category of VI. (Presentence Report, No. 12-cr-10015-003,
Doc. 117 at 25). The Court's calculation of
Petitioner's total offense level included a career
offender sentence enhancement. The Court concluded that
Petitioner qualified as a career offender because of two
prior convictions: a domestic battery conviction in Tazewell
County, Illinois in 1999 and a second domestic battery
conviction in Tazewell County, Illinois in 2005. (Presentence
Report, No. 12-cr-10015-003, Doc. 117 at 11). Both
convictions for domestic battery were for violations of
subsection (1) of Illinois's statute, which states:
“a person commits domestic battery if he or she
knowingly without legal justification by any means causes
bodily harm to any family or household member, ” in
violation of 720 ILCS § 5/12-3.2(a)(1). (Doc. 4-1; Doc.
20, 2016, Petitioner filed Motion under 28 U.S.C. § 2255
to Vacate, Set Aside, or Correct Sentence by a Person in
Federal Custody. (Doc. 1). Petitioner brought forth one
argument: that “My 4B1.1 enhancement is under [the]
residual clause [and] is now not usable.” (Doc. 1 at
Petitioner alleged that his sentence was unlawful because of
the recent United States Supreme Court's decisions in
Johnson v. United States, 135 S.Ct. 2251 (2015), and
Welch v. United States, 136 S.Ct. 1257 (2016). (Doc.
21, 2016 the Court found on initial review that
Petitioner's claim was not wholly without merit;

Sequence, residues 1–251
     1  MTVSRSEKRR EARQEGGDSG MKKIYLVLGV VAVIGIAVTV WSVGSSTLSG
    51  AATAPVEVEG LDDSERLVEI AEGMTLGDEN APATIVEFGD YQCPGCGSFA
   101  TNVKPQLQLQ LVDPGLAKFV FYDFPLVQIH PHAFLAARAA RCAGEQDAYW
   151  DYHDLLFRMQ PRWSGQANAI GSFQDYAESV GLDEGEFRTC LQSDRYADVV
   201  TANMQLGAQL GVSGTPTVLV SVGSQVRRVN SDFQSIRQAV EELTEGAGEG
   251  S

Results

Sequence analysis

therefore, the Court required the government to respond.
(Doc. 3). The Respondent filed its Response on June 28, 2016.
(Doc. 4). The Respondent made four claims: 1) that
Johnson cannot be applied to the United States
Sentencing Guidelines on collateral review, 2) that
Petitioner had procedurally defaulted this argument, 3) that
Petitioner had waived his right to collaterally attack his
sentence, and 4) that Petitioner's claim was meritless
because he had been convicted as a career offender under the
force clause. Id. Petitioner had twenty-eight days
to reply to the Response. Petitioner did not file a reply,
nor did Petitioner seek an extension of time to file a
response. Additionally, Petitioner did not request counsel at
August 29, 2016, the United States Court of Appeals for the
Seventh Circuit issued an opinion in United States v.
Hurlburt, No. 14-cr-62-JDP, 2016 U.S. App. LEXIS 15963.
In Hurlburt, the Seventh Circuit found on direct
review that the Sentencing Guideline's residual clause,
under U.S.S.G. § 4B1.2, was void for vagueness under
Johnson. Id. On September 15, 2016, the
Court issued a text order requesting that the parties address
whether Hurlburt applied to Petitioner's §